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Hiring Cheats: How to Target the Job Seekers You Really Want

Hiring Cheats: How to Target the Job Seekers You Really Want

July 5, 2012
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Hiring: The simplicity of the process is seductive. Announce the opportunity. Sort through the résumés. Bring in the best fits. Interview. Pick the best of the lot. Repeat until properly staffed. What could possibly go wrong? That question should engender a chuckle followed by “Where do I even start?”

Who you on-board can make or break you. Once hired, you won’t know for months if you made the right decision. There is a chance you didn’t and the cost of a redo is pricy; even more costly is settling for “good enough.”

It can seem easy now with Monster and other web-based tools to access masses of candidates and increase your odds. But in the case of hiring, having too much information is the enemy of the great. Drinking from a fire hose of candidate-provided data is a long path to the diamonds in the rough you are looking for. You need to find the cheats. I’ll explain with an example from my living room:

Mario Kart is the one and only video game I can still play with my daughter without it being an embarrassing experience for us both. This is because the controller is not a device with seven buttons that looks like an ocarina, but it is a steering wheel – something I have 30 years of experience with, and she none. Nevertheless, I always lose because she cheats.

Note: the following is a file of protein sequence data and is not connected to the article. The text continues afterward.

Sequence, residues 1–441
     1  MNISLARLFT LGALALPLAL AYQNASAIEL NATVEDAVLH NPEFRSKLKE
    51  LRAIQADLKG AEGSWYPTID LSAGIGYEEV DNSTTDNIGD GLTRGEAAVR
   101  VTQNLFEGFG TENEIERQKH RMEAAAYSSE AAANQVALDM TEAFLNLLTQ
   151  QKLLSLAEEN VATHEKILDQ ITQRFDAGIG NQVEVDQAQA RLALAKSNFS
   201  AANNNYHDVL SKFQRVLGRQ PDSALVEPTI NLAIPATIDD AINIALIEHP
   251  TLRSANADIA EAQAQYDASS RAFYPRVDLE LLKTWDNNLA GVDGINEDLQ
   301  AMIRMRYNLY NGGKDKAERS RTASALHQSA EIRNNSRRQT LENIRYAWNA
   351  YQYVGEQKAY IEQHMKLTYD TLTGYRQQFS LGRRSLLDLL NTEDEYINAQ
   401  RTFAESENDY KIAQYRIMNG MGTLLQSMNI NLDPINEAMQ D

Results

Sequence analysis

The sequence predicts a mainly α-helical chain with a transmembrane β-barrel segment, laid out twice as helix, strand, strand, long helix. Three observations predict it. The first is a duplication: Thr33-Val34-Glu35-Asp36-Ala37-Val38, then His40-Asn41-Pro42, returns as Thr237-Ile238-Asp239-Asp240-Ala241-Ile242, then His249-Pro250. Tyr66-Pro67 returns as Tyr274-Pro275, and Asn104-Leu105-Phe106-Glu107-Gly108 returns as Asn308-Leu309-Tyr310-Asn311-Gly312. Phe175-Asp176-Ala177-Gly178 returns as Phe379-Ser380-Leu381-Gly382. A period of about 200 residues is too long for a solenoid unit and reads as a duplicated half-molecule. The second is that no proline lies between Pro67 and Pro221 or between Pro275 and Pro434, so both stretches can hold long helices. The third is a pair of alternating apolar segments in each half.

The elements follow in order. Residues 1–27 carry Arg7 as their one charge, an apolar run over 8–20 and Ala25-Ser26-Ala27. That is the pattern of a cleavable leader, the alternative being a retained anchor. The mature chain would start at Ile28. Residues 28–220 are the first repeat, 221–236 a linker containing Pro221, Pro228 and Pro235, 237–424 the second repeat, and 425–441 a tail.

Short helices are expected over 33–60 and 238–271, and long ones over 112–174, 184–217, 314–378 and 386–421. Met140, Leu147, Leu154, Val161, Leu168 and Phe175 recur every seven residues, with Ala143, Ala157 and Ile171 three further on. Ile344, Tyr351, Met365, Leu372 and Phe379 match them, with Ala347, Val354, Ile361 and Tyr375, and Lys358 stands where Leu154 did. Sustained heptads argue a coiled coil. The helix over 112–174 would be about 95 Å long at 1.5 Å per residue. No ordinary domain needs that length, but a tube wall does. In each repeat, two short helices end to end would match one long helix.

I will be slightly ahead of her and then in an instant, she’s half a lap ahead of me. I’ll ask how. She shows me how you can turn left after the blue mushroom, drive straight at the cliff, and you pop out a half lap ahead. These are the game “cheats,” designed into the game to reward mistakes.

Over 20 years at Starsys we spent quite a bit of time going around the hiring track, and eventually figured out our own ways to short-cut the process. In this blog and in blogs to follow, I will share five of the cheats that we discovered that provided us a faster path to great talent.

Cheat 1: Announce your opportunity in code
Conventional thinking is to cast a wide net. But when we needed a very specific, hard-to-find set of skills for a role, we needed to spearfish – find a quick way to target just the right candidates. We did this by describing the opportunity in a language that only they would understand.

For example, one of the most critical hires for us was aerospace manufacturing technicians. They were the last to touch the hardware, and if it was not perfect, we could be out of business.

We discovered a particular demographic was a great fit for this role: no previous aerospace experience, intelligent out-of-the-box thinkers, great with their hands, passionate about space, but had written aerospace off as they couldn't afford technical school or college.

As an experiment, we announced the opportunity in a language that would resonate with our target demographic but would be off-putting to more traditional candidates:

“Are you a passionate, slightly maniacal individual, great with your hands, tired of flipping burgers, and has always wanted to build spacecraft hardware? If so, we would like to talk to you here at Starsys.”